Not many things in life are consistent and constant. In fact, on the contrary, most things are changing on a regular basis, moment by moment -- the stock market, cultural trends, or our moods, just to name a few.
But not so with the sun. Every single morning, without fail, the sun rises. Whether the sky is cloudy or clear, the sun will eventually shed its light and turn the shadow of night into the luster of morning. The dawning of that great star is one of the few true constants of life. Even if its presence is veiled by fog or mist, we cannot escape its fiery, pulsing glory. If the sun did, for some horrific reason, fail to make its daily appearance in the east, we would have good cause for concern.
Present Despair, Steadfast Love
Because of its relentless consistency, the rising sun has often been used as a picture of faithfulness, of steadfastness -- as in the book of Lamentations.
Lamentations is a book that most certainly lives into its name. In the Septugiant, which is the Greek translation of the Old Testament, the book of Lamentations was actually called Wailings -- an even more fitting title, in my humble opinion. Traditionally ascribed to the prophet Jeremiah, it is a collection of five somber poems written to commemorate the siege and fall of Jerusalem at the merciless hands of Babylon. Lamentations is a funeral dirge which mourns the death and destruction of both the Judean people and their homeland.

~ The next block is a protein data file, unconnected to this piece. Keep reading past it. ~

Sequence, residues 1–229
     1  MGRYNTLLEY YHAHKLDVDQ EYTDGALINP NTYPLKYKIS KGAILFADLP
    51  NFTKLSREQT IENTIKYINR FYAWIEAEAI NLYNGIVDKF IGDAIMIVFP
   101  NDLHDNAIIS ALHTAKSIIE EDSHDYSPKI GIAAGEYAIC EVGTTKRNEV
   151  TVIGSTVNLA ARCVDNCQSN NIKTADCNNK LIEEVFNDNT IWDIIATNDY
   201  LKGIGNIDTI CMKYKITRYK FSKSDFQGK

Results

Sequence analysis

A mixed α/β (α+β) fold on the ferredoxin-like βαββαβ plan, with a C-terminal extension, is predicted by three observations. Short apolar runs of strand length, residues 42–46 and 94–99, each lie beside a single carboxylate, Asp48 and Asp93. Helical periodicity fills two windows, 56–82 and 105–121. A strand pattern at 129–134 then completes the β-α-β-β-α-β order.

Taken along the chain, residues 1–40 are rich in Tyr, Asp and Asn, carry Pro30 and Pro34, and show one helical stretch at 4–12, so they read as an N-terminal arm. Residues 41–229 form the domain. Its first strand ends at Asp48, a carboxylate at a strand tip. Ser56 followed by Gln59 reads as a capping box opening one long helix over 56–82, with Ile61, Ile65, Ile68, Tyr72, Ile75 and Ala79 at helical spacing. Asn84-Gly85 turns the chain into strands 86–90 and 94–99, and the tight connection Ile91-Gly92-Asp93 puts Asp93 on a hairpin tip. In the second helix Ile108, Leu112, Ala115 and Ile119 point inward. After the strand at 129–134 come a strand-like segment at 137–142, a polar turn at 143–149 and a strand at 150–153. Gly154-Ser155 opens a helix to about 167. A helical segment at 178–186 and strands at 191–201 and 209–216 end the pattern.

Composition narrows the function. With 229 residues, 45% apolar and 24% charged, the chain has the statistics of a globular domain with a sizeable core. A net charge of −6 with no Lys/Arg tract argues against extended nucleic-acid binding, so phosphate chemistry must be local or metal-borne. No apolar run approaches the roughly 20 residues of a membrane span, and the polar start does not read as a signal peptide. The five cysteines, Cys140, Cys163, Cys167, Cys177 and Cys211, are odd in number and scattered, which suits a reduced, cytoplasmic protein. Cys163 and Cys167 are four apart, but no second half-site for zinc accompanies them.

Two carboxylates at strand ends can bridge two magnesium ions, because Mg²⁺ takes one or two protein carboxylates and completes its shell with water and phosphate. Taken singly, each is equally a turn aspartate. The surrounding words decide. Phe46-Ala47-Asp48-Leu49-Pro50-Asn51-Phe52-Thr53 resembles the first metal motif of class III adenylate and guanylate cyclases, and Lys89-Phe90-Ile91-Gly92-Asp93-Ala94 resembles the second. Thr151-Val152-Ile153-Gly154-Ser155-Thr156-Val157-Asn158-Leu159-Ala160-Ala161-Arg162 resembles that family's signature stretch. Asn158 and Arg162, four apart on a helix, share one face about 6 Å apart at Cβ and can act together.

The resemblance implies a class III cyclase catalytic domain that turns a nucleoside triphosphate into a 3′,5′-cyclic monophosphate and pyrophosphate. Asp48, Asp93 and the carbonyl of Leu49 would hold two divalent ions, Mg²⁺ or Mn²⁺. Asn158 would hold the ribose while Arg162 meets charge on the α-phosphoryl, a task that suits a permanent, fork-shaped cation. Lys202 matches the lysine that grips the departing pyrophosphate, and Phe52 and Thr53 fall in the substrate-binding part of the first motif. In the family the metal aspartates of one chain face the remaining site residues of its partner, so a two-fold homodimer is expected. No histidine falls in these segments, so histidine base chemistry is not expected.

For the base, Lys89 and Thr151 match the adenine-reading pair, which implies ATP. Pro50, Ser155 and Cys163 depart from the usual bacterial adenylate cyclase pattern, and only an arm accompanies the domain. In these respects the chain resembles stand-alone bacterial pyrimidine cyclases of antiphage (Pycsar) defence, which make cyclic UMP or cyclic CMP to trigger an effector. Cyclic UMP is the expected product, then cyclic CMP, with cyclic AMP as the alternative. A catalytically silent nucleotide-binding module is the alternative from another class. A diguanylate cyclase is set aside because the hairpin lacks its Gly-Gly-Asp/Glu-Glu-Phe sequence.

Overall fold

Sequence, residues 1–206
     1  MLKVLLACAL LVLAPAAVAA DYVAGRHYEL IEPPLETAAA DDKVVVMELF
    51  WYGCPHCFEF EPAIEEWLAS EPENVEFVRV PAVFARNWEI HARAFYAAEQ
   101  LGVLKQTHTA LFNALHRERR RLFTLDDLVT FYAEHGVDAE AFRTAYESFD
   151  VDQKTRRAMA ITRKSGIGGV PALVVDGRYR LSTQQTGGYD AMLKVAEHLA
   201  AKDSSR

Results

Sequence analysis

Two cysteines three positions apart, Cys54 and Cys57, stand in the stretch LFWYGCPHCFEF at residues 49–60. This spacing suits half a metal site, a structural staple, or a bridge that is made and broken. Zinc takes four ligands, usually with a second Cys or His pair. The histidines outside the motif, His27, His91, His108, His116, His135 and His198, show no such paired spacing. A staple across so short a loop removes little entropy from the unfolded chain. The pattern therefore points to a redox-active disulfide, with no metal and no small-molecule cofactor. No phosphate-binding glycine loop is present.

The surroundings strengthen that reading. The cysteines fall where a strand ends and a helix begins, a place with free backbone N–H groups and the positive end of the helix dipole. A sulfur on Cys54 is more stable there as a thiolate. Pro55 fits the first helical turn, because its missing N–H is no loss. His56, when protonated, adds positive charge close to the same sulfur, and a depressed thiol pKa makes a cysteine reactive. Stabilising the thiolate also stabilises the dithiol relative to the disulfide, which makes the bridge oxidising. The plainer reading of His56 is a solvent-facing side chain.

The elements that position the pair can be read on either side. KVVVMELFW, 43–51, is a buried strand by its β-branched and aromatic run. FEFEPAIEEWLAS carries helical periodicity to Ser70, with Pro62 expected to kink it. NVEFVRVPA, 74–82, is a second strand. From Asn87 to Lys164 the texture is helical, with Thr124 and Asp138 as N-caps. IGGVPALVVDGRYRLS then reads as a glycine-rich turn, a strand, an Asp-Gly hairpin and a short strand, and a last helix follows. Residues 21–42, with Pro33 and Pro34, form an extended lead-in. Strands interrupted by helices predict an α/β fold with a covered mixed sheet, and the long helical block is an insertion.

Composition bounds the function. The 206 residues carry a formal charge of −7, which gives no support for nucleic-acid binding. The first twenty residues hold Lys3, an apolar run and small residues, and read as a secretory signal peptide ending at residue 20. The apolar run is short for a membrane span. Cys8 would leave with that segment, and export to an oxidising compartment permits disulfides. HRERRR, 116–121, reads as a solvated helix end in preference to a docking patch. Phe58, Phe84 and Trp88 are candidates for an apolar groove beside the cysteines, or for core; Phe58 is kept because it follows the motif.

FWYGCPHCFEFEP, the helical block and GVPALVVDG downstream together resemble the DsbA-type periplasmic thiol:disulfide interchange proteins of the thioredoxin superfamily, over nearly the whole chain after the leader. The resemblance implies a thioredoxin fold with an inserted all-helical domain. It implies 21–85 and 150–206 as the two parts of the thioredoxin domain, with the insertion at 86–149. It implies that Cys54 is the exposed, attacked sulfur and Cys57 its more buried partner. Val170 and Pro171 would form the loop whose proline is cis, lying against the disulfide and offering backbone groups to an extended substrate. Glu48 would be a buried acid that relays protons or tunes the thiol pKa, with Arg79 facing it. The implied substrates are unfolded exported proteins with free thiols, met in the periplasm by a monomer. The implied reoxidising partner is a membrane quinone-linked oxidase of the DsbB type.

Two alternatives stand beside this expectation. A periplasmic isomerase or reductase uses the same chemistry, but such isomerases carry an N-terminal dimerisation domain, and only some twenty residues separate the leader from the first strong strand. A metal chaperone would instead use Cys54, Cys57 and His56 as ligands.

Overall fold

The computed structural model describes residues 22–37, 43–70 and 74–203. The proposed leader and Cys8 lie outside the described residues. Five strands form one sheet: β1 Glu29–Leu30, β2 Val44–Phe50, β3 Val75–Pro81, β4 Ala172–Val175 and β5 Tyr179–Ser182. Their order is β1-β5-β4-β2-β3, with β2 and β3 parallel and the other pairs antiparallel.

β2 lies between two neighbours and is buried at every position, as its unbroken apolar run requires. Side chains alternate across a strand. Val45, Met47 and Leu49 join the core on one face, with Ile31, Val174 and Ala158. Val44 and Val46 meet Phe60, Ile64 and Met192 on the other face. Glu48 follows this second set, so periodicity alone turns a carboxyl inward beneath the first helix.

But it is here, in the middle of this heartbreaking book, that one of the most breathtaking expressions of God’s love appears.
“The steadfast love of the Lord never ceases;
his mercies never come to an end;
they are new every morning;
great is your faithfulness.
‘The Lord is my portion,’ says my soul,
‘therefore I will hope in him’” (Lamentations 3:22–24, emphasis mine).
Somehow, in the midst of the gruesome reality all around him -- homes demolished and laid waste, young and old lying dead in the streets, famished children begging for food -- Jeremiah was able to reach into the depths of his memory and call to mind the unfailing love of God.
But what is particularly striking about his words, is that even though he was experiencing desolation as he even as he wrote them, Jeremiah was still not content to leave God’s love in the past. In spite of all the evidence that said otherwise, Jeremiah still believed that God’s love was present and at work in the world.
It would have been one thing if he had recalled God’s love toward Abraham, or God’s love toward the Israelites during the exodus, or God’s love toward King David. But it is another thing entirely when he says that God’s love never ceases, even in the throes of seemingly ever-present despair; another thing entirely when he says that God’s unending mercies are new every morning, constant as the rising of the sun.
But Lamentations does not end on this encouraging note; the remaining poems continue the dirge almost as if these hope-giving words had never been written. You might say that these verses themselves serve as the brief coolness of morning that comes between the dark night of the soul and the scorching heat of the judgment day -- a glimmer of relief (Lamentations 3:19-33) bound between great pain and loneliness (Lamentations 1 - 3:18), distress and anguish (Lamentations 3:34 - 5).